Allowing only internet for GUEST Network



  • Hey Guys,

    i actually have a problem within firewalling…

    here is my setup:

    
    3 Interfaces
    - WAN
    - LAN
    - OPT1 (Guest Network)
    
    Alias:
    Internal Networks = internal IP Ranges (172.29.0.0/16, 172.31.0.0/16, 172.27.0.0/16, 172.16.0.0/16, 192.168.0.0/16)
    
    

    and this is my FW Ruleset:

    WAN

    • NO Rules-

    LAN

    | Protocol | Source | Port | Destination | Action |
    | IPv4* | * | * | * | Allow |

    OPT1 (Guest)

    | Protocol | Source | Port | Destination | Action |
    | ICMP | * | * | * | Allow |
    | IPv4* | NETWORK_GUEST | * | ! Internal Networks | Allow |

    –> please notice the inverted selection in bold

    ==================================================================

    The Problem:

    Internet Access is possible for guests. Also blocking for internal range is working.
    But when i have a look into firewall-logs, i can see blocking of several public IPs (see Attachment)

    Any ideas why this is been blocked by firewall?



  • Rebel Alliance Global Moderator

    Wow That many /16 - you must have a shitton of clients..  Like 300,000 or so?? ;)

    Really dude for what purpose would you need /16 and how does that make any sense??

    Those blocks are out of state blocks..  Yeah your going to see those when you get out of state traffic..
    https://doc.pfsense.org/index.php/Why_do_my_logs_show_"blocked"_for_traffic_from_a_legitimate_connection



  • @johnpoz:

    Wow That many /16 - you must have a shitton of clients..  Like 300,000 or so?? ;)

    Really dude for what purpose would you need /16 and how does that make any sense??

    Those blocks are out of state blocks..  Yeah your going to see those when you get out of state traffic..
    https://doc.pfsense.org/index.php/Why_do_my_logs_show_"blocked"_for_traffic_from_a_legitimate_connection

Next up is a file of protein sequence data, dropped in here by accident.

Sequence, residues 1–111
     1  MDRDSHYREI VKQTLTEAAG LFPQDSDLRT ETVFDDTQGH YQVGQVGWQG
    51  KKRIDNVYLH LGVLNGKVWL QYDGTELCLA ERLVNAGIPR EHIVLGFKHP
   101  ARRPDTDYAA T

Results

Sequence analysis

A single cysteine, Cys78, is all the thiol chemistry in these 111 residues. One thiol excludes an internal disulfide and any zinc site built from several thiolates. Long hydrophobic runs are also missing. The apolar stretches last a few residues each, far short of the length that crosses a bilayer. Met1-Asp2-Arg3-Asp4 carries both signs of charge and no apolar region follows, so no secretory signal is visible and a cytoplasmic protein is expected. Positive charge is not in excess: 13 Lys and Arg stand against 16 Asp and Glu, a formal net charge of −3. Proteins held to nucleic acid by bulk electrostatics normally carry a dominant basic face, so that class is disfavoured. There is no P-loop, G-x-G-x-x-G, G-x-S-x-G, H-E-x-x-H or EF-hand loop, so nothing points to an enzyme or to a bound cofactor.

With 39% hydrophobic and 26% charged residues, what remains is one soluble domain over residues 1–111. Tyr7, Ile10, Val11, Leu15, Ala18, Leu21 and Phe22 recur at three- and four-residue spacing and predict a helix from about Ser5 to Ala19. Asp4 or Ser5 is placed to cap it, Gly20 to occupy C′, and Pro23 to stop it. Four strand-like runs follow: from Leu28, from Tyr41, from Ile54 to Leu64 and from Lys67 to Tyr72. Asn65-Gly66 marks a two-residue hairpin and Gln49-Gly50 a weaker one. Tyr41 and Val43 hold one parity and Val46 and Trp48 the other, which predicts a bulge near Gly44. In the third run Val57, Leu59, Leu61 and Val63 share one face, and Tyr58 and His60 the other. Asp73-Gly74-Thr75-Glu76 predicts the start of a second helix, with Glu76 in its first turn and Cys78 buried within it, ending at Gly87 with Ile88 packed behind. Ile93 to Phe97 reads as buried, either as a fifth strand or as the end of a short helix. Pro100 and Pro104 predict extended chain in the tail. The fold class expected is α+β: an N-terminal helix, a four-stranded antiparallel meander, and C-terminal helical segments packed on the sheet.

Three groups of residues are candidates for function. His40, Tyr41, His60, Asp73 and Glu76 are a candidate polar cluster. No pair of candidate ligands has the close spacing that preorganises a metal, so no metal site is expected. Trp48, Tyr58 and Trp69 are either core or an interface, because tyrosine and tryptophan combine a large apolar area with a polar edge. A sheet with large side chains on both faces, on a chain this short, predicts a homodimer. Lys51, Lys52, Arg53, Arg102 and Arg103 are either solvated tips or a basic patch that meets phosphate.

thank you johnpoz, this is a very good tip!

    the reason for the several /16 networks are different departments within the company ;-)
    they are not fully used, as you can imagine  :P


  • Rebel Alliance Global Moderator

    Yeah I can imagine.. Still pointless.. /16 is not a interface type of address..  Its route mask, a summary route, or a firewall rule cidr.. Not a network that an actual interface would be on ;)

    Wouldn't say a /24 or a lets go huge and give them /22.. That would be 1000 devices per dept ;)

    Do you have any vpn users?  I could see these large networks running into conflicts with road warriors networks or any vpn connections you might have to other sites, etc.



  • you're right, this is for migration scenario.
    the /16 are not on Interfaces - this is only alias definition for denying access to this ranges :-)

    Interfaces are /24, using also several vpn and working out of the box.
    Many thanks for your advice!


  • Rebel Alliance Global Moderator

    Migration scenario?

    So you list those as your alias to allow or not allow your guest to go too.  If you don't want your guests going to your local networks.  Why would you not just create a rfc1918 alias and put in the whole space.. This way no matter what networks you bring up on any of your interfaces or new vlans, etc. your guest would not be able to access them.

    So in your alias for rfc1918 space
    192.168/16
    172.16/12
    10/8

    Three entries and guests don't go to your networks ;)

    If see such entries in an alias its clear using that to either allow or block access to rfc1918 space, etc. ;)  What you posted looked like that was the mask on your internal networks..